I hope everyone had a great Father’s Day! I know I did as I’ve been blessed with a wonderful father, stepfather, and father-in-law. I’ve also been blessed with an absolutely amazing wife, two wonderful mothers, and four wonderful children. I know, however, this is not the case for everyone. Not everyone in the world today has been fortunate enough to have a great father, or in many cases, any father at all. For many, Father’s Day can bring more pain and unsettling than celebration. This past Sunday I talked about the power of fathers and illustrated the sermon from one of my favorite movies, Saving Mr. Banks. The movie persuasively communicates the power fathers have to define us, and ultimately, how we can finish our stories differently and not be trapped in the prison of unforgiveness and pain that life invariably brings.
First let me give you a little background on the story of Saving Mr. Banks. One of the top films of 2013, it starred Academy Award winning actor Tom Hanks as Walt Disney and Emma Thompson as renowned author P.L. Travers. For twenty years, Walt Disney had tried unsuccessfully to secure the film rights to Traver’s Mary Poppinsstories, having promised his daughters that he would produce a film based on them. Finally, in 1961, the financially strapped author reluctantly agrees to travel from her home in London to Los Angeles to collaborate with Disney on the project. Her working relationship with Disney and his team is puzzlingly difficult and contentious from the beginning. As Disney says to Travers at one point in the film, “You expected me to disappoint you so you made sure I did. I think life disappoints you Ms. Travers.” Nothing could be closer to the truth as we’ll soon find out.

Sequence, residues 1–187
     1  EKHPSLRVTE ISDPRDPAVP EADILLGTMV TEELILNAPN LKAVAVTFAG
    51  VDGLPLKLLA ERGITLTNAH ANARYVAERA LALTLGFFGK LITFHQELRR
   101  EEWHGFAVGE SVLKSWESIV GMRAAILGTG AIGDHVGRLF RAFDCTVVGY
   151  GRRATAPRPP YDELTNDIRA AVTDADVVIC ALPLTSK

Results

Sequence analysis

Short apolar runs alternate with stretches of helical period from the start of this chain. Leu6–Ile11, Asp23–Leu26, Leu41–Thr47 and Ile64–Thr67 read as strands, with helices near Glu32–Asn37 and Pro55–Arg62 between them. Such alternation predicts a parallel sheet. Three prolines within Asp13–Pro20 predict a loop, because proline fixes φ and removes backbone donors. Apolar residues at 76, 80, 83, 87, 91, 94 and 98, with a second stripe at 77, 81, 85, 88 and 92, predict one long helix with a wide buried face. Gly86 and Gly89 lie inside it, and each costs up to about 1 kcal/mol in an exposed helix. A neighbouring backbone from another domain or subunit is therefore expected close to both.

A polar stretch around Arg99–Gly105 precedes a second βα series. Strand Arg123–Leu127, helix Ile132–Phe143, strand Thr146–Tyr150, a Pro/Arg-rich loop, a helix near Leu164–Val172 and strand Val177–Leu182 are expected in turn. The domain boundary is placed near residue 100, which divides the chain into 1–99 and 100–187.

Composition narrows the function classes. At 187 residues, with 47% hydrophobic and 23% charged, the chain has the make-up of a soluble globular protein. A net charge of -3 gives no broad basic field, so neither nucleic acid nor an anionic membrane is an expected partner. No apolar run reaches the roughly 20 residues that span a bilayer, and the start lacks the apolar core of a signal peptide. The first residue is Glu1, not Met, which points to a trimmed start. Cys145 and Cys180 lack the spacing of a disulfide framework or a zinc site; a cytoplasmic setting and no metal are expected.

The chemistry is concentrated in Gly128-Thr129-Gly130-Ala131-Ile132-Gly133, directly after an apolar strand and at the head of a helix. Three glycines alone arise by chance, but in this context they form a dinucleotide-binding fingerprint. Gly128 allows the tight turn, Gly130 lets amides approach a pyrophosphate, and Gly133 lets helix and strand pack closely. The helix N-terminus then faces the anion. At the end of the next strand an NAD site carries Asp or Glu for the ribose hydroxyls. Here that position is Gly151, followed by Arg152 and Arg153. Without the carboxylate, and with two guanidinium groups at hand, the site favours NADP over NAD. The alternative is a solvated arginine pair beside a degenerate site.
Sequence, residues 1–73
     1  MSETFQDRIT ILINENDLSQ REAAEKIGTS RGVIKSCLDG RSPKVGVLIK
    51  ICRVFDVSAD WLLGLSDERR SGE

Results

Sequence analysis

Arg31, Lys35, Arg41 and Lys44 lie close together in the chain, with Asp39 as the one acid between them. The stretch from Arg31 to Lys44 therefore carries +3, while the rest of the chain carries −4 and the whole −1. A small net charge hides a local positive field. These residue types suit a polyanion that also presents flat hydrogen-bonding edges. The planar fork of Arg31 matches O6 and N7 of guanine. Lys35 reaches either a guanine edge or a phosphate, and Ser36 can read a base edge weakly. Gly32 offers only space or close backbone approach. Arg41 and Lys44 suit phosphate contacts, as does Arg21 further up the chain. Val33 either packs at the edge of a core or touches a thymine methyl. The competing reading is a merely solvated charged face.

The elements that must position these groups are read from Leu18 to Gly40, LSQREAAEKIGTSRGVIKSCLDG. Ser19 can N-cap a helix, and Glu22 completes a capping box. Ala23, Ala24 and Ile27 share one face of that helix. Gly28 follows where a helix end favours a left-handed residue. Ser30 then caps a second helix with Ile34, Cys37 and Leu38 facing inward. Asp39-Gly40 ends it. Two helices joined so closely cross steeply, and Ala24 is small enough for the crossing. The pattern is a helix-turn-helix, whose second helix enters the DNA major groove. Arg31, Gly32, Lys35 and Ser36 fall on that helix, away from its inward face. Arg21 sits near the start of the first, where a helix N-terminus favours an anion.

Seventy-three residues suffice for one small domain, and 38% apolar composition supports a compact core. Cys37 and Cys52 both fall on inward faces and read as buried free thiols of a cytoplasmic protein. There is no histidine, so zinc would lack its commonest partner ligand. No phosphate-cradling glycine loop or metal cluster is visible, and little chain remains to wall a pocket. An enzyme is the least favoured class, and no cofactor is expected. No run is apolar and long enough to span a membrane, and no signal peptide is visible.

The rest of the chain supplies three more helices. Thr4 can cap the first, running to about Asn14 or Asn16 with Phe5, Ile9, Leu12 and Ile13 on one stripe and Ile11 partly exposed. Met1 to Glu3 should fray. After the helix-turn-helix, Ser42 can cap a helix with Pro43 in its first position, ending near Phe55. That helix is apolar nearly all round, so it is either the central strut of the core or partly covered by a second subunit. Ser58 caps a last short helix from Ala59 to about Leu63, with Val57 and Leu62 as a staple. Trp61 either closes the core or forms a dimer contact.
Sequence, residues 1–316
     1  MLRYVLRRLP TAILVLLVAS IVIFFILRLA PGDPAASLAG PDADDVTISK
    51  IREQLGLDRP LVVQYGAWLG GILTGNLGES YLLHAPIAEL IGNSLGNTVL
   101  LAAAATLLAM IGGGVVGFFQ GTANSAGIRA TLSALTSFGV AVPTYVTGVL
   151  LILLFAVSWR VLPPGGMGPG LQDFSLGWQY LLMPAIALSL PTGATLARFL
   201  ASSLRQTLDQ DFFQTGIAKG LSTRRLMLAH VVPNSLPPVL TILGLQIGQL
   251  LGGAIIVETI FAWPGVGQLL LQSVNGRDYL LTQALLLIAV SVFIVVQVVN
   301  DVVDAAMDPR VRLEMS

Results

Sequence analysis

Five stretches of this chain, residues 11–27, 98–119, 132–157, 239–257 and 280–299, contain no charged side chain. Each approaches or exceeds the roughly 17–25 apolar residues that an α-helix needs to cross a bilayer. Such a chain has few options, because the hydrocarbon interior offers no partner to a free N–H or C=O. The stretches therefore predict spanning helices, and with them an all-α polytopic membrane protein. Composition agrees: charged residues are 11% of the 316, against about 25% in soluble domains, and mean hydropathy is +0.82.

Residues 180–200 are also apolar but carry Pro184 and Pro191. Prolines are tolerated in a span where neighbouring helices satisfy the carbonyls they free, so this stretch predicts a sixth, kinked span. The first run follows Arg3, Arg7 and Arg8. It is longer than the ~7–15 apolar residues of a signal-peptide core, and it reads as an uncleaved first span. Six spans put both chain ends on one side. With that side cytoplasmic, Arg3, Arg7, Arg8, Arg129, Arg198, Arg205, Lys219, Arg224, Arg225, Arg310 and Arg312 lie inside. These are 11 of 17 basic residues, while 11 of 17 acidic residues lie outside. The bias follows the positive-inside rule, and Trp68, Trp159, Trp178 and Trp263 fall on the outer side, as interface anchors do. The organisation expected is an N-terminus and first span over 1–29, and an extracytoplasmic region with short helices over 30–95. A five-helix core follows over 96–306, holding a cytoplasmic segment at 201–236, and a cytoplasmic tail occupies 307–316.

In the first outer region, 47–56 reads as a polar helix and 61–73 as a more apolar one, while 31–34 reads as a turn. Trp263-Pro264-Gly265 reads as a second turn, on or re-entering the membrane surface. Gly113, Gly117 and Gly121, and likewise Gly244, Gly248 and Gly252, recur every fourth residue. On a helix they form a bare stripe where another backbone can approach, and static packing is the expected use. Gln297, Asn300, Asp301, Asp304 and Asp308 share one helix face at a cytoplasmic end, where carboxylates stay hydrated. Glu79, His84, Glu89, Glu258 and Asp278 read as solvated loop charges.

Travers particularly objects to how one of the main characters George Banks, the estranged father of the children, is depicted in the script insisting that he is neither cruel nor cold. Gradually the team begins to grasp how deeply personal the Mary Poppins stories are to Ms. Travers and how many of the characters were inspired by her own heart-breaking childhood and disappointing relationship with her father, Travers Goff, who tragically died as a result of his alcoholism at age 42. Travers soon discovers that Walt Disney intends to break his promise to her and use animation in the film, something she vehemently opposes as she thinks this trivializes the story. This sets her over the edge and she confronts Disney and then returns home to London calling off the project. To her surprise Walt Disney shows up at her home later that night asking to have one final conversation with her.